Remarks by the DPR Albana Dautllari at the Security Council meeting on Women, Peace and Security: Towards the 25th Anniversary of the Resolution 1325

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March 7, 2023

Thank you, President!

We appreciate your focus on this issue during your presidency. We also thank the briefers for their information.

The adoption of Resolution 1325 on Women, Peace and Security in October 2000 marked a historic moment.

Over the years, the WPS Agenda has become a normative focal point for addressing the challenges, the interests, and aspirations of half of the world’s population—women and girls.

Since the adoption of Resolution 1325, the Council has adopted nine other Resolutions on WPS, and the issue has turned into one of the most dynamic and attention-grabbing topics not only for the Security Council members, but also for wider UN membership.

And the role of the Security Council in creating a comprehensive normative framework is undeniable, and especially in integrating operational language and references to WPS in its various Resolutions.

However President, reality still needs to catch up with our common aspirations and determination. The implementation of the WPS agenda remains problematic, revealing gap between promise and practice.

This is especially glaring when it comes to women’s continued under-representation -and sometimes extreme marginalization- from formal decision-making on peace and security, including in peace negotiations, and the general impunity still afforded to perpetrators of violence and abuses against women and girls, including conflict-related sexual violence.

The gap has been widened further in different parts of the world.

In Ukraine the life of millions of Ukrainian women and young girls has been devastated.

In Afghanistan, the Taliban is a disaster for women—they continue to fail in every respect the Afghan people.

In Iran, Mahsa Amini has launched an unstoppable struggle for basic dignity, and her tragic case demonstrates the brutality that women face in Iran.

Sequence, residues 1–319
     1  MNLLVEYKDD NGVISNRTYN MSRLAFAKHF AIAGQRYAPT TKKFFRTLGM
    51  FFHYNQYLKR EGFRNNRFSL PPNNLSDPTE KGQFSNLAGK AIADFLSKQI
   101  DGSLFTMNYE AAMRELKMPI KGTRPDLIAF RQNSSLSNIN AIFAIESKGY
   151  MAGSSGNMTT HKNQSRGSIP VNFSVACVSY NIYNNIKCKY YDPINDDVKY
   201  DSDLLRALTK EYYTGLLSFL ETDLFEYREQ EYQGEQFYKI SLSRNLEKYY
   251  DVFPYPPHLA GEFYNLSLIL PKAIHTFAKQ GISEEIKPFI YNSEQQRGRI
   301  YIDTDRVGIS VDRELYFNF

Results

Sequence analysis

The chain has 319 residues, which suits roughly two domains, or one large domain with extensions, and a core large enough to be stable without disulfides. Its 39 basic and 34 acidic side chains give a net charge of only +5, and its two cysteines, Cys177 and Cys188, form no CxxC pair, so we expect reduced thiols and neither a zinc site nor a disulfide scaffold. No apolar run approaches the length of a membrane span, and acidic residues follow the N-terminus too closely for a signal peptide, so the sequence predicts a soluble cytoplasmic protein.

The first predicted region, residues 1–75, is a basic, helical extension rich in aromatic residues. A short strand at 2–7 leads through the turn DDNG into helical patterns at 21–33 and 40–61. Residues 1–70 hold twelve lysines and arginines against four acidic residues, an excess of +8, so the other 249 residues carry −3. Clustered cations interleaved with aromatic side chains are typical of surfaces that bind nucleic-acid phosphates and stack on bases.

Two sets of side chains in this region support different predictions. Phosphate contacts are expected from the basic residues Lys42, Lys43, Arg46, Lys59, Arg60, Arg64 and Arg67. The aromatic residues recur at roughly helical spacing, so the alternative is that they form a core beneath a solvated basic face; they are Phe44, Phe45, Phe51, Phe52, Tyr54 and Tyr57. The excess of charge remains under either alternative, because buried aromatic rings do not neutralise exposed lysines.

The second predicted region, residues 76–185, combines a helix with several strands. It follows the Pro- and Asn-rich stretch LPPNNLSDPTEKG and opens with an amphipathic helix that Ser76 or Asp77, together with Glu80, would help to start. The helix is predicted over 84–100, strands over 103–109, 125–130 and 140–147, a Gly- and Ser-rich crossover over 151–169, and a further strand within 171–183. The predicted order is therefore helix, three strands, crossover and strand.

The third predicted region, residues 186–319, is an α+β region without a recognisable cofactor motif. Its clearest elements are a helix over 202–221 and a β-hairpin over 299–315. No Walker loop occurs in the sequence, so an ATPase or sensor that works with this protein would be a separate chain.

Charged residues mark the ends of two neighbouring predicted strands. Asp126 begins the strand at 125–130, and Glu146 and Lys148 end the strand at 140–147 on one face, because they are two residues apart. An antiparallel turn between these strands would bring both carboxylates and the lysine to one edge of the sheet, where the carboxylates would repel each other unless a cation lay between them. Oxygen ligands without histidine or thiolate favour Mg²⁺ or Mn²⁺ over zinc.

The events in Syria, Sudan, South Sudan, Myanmar, Haiti, and Mali, to name only a few, have not just threatened the fragile gains of the WPS agenda, but the lives and work of women peacebuilders themselves, and they have also tested the ability of the international community to fulfill the mandate of the Security Council in maintaining peace and security.

As we heard from many, the increased global pushback on women and girls’ enjoyment of human rights is alarming. And for this reason we must redouble our efforts to make the WPS normative framework a reality.

We need to support and connect the work of women at grassroots level, including in conflict zones and in peace processes, to the WPS Agenda.

In this regard, UN Country Teams, UN mediation teams, Special Envoys, Special Representatives and other relevant stakeholders should play a more pro-active role.

In this context, Albania strongly supports the call to action of the SG urging peacekeeping partners to invest in grassroots women’s network and support women’s mobilization for peace.

And we need men to stand up and support this cause as strong as women.


WPS is central to Albania, which sits at the top of the most gender-balanced government, with 75% of ministers being women.

WPS is our core priority in the Security Council. During our Presidency in June last year, we invited 19 briefers from the civil society and 15 of them were women.

Also in our capacity as coordinator of the Shared Commitments initiative, Albania will continue to work to ensure that the WPS agenda is fully integrated into all aspects of the Council’s work.

Naturally, the WPS agenda is central to our priorities for rejoining the Human Rights Council, and if elected, we will advance this agenda and explore closer synergies between the two Councils.

In closing, President, let me reiterate that there are no short-cuts. no lasting peace can be achieved without women’s meaningful participation and engagement.

I thank you!


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